Onions, leeks and garlic are all members of the genus Allium. Five different kinds of Allium have been recorded on the Ham Lands. It is worth looking out for these interesting plants. People often wonder if it is worth using wild alliums in the kitchen. One could, but they would certainly be inferior to cultivated produce. In any case it is far better to leave plants to regenerate and for the enjoyment of others. Please do not forage our alliums. 

The genus Allium may be recognized as follows:

  • They grow from bulbs
  • Unusual structures, called bulbils, can be found amongst the flowers of some species. Although resembling seeds or tiny fruit, these structures are small ‘above ground’, bulbs from which new plants can grow. 

Young flower head of Sand Leek enclosed by a tissue-like bract. The irregular shape is due to the bulbils.


1. Ramsons (Allium ursinum)

This species is easy to recognize, as it is our only Allium to have leaf-shaped leaves, all others have grass-like leaves. The flowers are white and there are no bulbils. Although common nationally and typically carpeting woodland floors, this species is, as yet, infrequent at Ham. It flowers from April.


2.Three-cornered Leek (Allium triquetium)

This species resembles the white form of bluebell, but the flowers dangle from the tip of a triangular stem (bluebell flowers are spaced along a round stem). The leaves are grass-like and flat. Bulbils are absent. This introduced species is invasive and spreads easily, especially in the West Country; as yet it is still infrequent at Ham. The flowers appear from April.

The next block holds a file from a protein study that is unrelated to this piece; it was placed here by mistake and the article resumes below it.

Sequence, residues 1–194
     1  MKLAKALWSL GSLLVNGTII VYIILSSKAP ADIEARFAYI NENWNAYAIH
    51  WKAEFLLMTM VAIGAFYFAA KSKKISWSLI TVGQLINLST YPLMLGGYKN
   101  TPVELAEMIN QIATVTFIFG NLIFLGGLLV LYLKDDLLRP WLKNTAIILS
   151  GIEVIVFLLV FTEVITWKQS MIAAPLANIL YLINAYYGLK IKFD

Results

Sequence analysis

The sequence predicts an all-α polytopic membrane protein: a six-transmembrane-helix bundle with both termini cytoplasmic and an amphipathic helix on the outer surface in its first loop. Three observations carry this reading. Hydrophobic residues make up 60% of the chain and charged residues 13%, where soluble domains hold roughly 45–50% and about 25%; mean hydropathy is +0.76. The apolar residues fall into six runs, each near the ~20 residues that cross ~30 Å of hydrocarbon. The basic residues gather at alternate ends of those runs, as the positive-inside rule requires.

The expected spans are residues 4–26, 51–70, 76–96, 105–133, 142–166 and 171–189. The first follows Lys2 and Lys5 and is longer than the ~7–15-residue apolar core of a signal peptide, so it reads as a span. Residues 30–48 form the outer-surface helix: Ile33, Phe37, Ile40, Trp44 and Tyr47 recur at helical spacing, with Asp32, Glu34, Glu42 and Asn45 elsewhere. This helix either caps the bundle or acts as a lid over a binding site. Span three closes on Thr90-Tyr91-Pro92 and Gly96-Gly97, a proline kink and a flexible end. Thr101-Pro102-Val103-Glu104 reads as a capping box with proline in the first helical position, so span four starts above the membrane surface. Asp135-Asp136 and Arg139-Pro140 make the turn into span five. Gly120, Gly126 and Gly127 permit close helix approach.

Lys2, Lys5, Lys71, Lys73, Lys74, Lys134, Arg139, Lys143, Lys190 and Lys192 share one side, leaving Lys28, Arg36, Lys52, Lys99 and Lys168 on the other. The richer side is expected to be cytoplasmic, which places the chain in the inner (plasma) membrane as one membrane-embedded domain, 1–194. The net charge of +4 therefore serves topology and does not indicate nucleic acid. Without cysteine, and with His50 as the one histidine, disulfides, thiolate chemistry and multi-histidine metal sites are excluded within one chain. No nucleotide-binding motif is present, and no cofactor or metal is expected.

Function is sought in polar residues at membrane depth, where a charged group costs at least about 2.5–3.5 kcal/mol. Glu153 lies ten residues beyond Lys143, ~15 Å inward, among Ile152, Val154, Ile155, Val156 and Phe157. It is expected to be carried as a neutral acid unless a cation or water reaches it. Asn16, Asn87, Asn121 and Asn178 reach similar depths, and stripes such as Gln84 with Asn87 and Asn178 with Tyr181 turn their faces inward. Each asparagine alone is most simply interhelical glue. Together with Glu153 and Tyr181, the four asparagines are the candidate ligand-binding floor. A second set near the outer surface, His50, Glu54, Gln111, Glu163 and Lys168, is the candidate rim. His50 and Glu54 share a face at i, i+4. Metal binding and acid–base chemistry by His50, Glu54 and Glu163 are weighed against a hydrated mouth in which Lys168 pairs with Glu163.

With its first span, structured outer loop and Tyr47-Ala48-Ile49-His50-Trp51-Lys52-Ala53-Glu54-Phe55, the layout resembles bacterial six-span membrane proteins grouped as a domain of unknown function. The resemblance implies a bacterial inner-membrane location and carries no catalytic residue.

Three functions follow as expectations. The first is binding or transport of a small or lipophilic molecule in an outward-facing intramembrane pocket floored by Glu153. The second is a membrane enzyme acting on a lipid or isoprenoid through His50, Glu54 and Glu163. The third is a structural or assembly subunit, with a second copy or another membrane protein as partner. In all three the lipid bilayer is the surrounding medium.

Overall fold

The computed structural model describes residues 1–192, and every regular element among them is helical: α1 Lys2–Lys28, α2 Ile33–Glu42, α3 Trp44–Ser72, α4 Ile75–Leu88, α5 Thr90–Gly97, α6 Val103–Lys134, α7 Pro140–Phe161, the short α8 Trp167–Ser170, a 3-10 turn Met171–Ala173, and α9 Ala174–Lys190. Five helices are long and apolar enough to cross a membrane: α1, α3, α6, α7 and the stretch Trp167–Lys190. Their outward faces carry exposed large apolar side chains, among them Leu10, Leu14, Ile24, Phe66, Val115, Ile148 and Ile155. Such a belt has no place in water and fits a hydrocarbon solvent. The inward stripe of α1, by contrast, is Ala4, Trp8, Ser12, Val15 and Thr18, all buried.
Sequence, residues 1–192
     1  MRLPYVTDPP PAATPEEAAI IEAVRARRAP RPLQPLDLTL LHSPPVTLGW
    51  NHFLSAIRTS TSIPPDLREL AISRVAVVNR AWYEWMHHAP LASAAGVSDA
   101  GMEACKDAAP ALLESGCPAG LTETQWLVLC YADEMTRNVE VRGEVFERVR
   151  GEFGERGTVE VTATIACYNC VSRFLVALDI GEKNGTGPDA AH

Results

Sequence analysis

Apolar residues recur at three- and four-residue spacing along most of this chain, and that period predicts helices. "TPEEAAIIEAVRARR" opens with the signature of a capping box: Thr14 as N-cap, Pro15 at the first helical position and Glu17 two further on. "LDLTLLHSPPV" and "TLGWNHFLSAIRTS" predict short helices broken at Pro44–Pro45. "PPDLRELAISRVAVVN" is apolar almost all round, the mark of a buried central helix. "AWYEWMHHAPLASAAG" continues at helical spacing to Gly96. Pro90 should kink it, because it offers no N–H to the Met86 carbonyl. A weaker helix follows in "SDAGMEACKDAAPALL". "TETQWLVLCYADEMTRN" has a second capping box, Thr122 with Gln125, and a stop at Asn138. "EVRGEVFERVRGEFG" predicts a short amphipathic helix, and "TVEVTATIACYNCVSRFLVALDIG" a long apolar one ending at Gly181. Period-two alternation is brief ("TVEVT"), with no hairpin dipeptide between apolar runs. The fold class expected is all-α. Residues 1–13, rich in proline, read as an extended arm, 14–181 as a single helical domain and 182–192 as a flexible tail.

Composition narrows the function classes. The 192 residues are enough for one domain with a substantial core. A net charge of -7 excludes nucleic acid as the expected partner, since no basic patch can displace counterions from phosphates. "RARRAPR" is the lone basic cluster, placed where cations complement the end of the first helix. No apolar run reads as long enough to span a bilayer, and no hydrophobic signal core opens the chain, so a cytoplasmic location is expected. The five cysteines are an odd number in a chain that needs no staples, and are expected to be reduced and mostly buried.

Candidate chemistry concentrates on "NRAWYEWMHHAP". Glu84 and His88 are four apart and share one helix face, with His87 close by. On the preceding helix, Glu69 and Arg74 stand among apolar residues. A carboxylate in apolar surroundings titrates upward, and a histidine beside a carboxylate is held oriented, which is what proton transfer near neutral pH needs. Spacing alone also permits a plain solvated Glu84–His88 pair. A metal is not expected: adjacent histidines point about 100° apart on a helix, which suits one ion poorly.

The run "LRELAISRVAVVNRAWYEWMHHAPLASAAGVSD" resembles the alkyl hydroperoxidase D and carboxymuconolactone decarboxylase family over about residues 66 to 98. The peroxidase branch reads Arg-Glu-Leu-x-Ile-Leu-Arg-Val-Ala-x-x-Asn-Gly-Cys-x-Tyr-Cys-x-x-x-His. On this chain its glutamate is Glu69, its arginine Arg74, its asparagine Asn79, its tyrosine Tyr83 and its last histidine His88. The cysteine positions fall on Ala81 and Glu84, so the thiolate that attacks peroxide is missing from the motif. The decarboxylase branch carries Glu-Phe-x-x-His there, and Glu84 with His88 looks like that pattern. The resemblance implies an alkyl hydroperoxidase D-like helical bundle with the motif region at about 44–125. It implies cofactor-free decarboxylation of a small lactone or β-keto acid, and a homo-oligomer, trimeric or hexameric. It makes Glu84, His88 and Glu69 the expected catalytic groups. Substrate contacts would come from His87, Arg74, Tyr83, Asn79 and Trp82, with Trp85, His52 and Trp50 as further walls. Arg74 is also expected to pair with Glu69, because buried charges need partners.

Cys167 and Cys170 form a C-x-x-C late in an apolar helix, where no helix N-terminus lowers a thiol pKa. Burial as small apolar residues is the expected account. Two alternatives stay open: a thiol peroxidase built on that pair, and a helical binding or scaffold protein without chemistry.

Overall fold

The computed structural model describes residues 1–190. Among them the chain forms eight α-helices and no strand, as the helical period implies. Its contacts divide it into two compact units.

3. Sand Leek (Allium scordoprasum)

This is our most iconic Allium and at c 1m high, it is also our tallest. The leaves are grass-like and flat, both pink flowers and bulbils are present. Although an introduced species, it is uncommon in the UK. We are lucky to have some good clumps near the Lock. How it came to be here is a mystery. Our Sand Leek patch was dwindling as robust plants encroached. In winter 2019 the Friends of FoHL Butterfly Group spent some time removing the troublesome plants. It flowers from May.


4. Crow Garlic or Wild Onion (Allium vineale)

This species has hollow grass-like leaves, which are scattered among the grasses and merge into the sward. Although hard to spot, a slight blue grey tone will help distinguish them. Disappointingly, the flower heads are not attractive because the variety in our area (var. compacta) never produces flowers, only bulbils. Perhaps this adds to their fascination? Crow Garlic, a native species, is abundant and by sheer quantity must be considered an important constituent of the Ham Lands. The flower heads appear from June onwards.


5. Keeled Leek (Allium carinatum)

This is our daintiest Allium. It is easily recognized as the bracts bear notably long tips. The grass-like leaves are flat. Both bright pink flowers and bulbils are present. This introduced species is relatively uncommon and was only spotted at Ham in recent years. It can be found scattered beside paths on Ham Lands South. It flowers from August.


Text and drawings by Diane Bridson